Saturday, November 30, 2013

Sandhill Cranes of Lodi

Correction: It has been brought to my attention by a knowledgeable birder that the bird in the first three photos is a blue heron, not a sandhill crane, as I wrote below. As is the case with instant replay in sports, the goal is to get it right, so Thank You, Tom, and keep following us.

Standing a regal four feet tall and boasting wing spans of more than six feet, sandhill cranes are one of the oldest living species of birds in the world--fossils of these birds date back 10 million years.

And as we headed along Woodbridge Road west of I-5 a few miles north of Lodi, CA, we were greeted by this majestic sandhill crane.


It was nearing sundown as we gathered with others along the south side of Woodbridge Road one Saturday in early November. Cousin Barbara had been able to get us tickets for the docent-led talk and tour of the Woodbridge Ecological Reserve, also known as the Isenberg Sandhill Crane Reserve.

Sunset is the prime viewing opportunity for the daily “crane fly-in” from September to early March when the cranes establish their residence along the Pacific Flyway in the Reserve. The greater sandhill cranes (which stand about five feet tall) travel from Washington, Oregon, and northern California to their winter home around Lodi; the shorter lesser sandhill cranes stop in Lodi briefly on their migration from Alaska, Canada, and even Siberia to Mexico.
During this same fall/winter season, the Reserve also hosts over 30 species of birds. A large flock is shown in the array of dots below.
As members of our party surveyed the activity in the low freshwater marsh, grassland, and flooded pasture, one member spotted the animal barely visible in the center of the photo below. Its identity ranged from "a wolf," "a coyote" to "a dog."
A less threatening object of interest was much closer.
As the sun was setting, our group followed the docent to the locked north site of the Reserve which includes the crane viewing shelter and which can only be visited on a docent-led tour.
In the fading light of sunset, the beauty of these cranes in flight was barely visible, but the their musical calls filled the air. Some have compared these distinctive calls to a distant French horn or an off-key bassoon.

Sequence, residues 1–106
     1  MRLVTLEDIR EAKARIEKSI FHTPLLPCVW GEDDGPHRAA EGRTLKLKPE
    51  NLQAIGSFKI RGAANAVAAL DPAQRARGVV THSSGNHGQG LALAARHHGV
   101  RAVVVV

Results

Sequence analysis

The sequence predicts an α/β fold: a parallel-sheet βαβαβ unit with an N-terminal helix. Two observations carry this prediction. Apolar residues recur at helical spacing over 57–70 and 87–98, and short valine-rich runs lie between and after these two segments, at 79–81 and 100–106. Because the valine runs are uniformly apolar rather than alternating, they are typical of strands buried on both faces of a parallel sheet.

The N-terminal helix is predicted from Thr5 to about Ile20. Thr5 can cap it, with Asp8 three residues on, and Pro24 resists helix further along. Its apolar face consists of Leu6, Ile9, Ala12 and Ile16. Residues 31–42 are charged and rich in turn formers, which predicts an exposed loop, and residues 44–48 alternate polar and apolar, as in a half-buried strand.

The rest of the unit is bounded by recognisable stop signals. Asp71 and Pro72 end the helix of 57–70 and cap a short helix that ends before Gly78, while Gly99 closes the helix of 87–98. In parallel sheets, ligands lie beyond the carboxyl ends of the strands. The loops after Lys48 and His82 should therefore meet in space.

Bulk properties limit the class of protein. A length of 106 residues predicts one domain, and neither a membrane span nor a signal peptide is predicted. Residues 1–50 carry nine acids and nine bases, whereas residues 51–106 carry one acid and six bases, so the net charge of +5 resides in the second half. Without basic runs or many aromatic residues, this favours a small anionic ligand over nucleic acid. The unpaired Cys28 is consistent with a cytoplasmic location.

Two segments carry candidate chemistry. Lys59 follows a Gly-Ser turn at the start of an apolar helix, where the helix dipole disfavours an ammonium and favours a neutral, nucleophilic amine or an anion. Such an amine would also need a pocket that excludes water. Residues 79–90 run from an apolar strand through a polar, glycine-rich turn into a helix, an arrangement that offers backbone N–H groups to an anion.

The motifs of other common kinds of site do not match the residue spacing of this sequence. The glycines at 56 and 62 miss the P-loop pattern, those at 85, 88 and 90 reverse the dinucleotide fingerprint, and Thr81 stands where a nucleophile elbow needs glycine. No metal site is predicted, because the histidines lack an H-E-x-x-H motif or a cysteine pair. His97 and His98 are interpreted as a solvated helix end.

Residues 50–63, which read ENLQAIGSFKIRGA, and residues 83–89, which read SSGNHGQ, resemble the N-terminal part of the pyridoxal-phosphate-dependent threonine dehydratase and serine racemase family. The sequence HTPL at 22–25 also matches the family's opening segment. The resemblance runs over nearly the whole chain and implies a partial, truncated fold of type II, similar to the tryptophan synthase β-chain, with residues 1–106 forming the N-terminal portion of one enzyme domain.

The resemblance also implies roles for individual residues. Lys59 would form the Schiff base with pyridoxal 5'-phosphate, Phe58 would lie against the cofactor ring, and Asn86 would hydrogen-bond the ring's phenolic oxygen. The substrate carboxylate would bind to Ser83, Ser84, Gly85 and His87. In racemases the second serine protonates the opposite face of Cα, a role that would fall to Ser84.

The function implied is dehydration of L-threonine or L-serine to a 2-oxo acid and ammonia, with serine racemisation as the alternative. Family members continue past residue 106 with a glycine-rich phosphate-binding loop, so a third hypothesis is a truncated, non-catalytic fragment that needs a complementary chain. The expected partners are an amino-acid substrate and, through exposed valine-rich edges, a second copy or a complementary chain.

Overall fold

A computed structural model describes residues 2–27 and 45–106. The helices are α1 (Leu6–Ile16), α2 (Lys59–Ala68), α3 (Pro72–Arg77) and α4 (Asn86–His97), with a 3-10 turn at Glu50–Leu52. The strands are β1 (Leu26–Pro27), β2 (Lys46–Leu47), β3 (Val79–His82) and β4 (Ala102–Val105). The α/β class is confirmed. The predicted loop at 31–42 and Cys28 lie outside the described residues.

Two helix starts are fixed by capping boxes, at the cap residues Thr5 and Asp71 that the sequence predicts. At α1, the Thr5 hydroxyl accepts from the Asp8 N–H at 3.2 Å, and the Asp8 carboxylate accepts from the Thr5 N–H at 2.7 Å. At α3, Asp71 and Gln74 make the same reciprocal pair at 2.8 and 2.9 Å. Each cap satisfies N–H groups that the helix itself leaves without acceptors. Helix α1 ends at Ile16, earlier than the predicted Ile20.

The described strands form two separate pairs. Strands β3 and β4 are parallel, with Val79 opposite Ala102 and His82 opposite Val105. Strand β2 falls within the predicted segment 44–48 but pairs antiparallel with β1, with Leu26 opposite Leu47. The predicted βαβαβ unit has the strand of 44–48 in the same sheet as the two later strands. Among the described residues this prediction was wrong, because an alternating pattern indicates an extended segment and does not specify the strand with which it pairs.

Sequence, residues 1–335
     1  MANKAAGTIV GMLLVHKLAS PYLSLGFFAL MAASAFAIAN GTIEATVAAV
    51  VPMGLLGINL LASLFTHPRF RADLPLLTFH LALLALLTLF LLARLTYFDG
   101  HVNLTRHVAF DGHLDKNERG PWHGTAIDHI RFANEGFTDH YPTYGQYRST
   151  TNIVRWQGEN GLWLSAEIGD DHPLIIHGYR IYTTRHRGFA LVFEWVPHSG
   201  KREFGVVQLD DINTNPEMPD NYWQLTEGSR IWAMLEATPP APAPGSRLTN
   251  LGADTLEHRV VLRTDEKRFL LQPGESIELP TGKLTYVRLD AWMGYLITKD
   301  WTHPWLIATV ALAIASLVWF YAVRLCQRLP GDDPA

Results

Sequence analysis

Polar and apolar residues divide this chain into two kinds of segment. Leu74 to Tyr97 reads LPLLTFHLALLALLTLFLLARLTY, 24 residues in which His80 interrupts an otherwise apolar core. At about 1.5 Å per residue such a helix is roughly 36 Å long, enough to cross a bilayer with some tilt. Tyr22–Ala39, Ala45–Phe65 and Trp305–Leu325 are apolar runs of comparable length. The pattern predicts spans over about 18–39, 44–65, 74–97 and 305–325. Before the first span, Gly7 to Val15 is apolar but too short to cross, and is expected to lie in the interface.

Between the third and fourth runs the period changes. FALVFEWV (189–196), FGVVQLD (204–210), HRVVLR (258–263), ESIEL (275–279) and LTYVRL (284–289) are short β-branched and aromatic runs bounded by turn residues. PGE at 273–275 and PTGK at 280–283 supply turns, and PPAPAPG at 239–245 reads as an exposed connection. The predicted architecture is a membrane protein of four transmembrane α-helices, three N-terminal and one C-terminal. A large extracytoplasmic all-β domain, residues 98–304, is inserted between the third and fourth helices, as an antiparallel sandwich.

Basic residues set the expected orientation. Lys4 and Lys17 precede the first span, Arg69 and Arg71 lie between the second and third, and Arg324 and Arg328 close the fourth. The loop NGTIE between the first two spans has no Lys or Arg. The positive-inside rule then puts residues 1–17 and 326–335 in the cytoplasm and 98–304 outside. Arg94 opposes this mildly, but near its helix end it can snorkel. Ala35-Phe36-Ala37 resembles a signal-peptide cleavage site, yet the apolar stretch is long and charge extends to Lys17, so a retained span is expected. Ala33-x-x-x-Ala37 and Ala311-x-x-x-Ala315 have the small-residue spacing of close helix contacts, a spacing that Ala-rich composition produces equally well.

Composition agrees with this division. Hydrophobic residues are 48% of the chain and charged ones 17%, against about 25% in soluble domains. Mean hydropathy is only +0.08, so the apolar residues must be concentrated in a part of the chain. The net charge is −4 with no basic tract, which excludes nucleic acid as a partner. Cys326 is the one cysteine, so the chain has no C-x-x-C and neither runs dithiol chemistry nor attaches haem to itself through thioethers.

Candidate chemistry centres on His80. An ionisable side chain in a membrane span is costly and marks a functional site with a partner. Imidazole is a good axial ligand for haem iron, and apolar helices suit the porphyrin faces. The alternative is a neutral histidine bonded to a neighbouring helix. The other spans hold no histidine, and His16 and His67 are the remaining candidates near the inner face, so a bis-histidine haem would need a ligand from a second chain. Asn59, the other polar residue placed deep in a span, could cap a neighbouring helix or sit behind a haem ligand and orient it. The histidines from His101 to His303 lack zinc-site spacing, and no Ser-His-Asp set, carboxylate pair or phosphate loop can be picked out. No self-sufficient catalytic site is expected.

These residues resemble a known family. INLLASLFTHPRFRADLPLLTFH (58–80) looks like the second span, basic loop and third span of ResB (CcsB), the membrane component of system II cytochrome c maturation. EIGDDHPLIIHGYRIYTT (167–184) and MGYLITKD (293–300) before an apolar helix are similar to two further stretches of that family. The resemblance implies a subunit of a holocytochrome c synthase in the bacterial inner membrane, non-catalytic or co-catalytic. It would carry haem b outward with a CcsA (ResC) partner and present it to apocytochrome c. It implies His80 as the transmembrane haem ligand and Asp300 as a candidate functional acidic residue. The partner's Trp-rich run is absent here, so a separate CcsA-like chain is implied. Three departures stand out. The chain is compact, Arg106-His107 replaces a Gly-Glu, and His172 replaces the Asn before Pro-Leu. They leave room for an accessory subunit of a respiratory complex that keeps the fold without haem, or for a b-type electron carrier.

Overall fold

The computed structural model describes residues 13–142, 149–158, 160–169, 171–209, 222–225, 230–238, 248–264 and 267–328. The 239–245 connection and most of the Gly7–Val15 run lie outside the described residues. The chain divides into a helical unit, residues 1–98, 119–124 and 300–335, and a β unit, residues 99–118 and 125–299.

Hunters nearly wiped out the cranes in the 18th and 19th centuries, but hunting limits and habitat restrictions have prevented their extinction. Although sandhill hunting is not allowed in California, dikes, dams, pumping and plowing have wiped out about 95 percent of Central Valley wetlands--its natural habitat.

Another threat to the crane's continued existence was the California Gold Rush. During this time, the birds were sold like turkeys in San Francisco butcher shops. But in the past two decades, its population here has stabilized, with the help of new, crane-friendly farm practices that have helped preserve its habitat.

The Nature Conservancy partners with farmers, government and nonprofit groups to manage crops, grasslands and water to provide food and shelter for cranes and other birds on the Pacific Flyway migratory path.
Farmers flood fields at strategic times to stir up bugs for the cranes. Farmers harvesting corn often leave a little corn stock behind to nourish the birds.
Some rice and grain farmers are paid government incentives to adopt bird-friendly farming practices
In the last stages of sunset, the images of the birds are blurred due to the low amount of light. But even under these conditions, the cranes, which mate for life, find their mates and their summer-born young.
Adapted to live in flat, open fields, wetlands and ponds, the crane has a back claw located differently than most birds--limiting its ability to grasp branches and roost in trees.
To find safety at night, the cranes stand in ponds several inches deep. Coyotes trying to hunt cranes are given away by their splashing.
Aldo Leopold, the father of wildlife biology, described the haunting sandhill call as "the trumpet in the orchestra of evolution" (Denis Cuff, Contra Costa Times 02/02/2012).

I like that description.

dfg.ca.gov/delta/cranetour
contracostatimes.com/ci_19879355
nature.org/ourinitiatives/regions/northamerica/unitedstates/california/explore/sandhill-cranes-have-returned

4 comments:

eyad ammar said...


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eyad ammar said...


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eyad ammar said...


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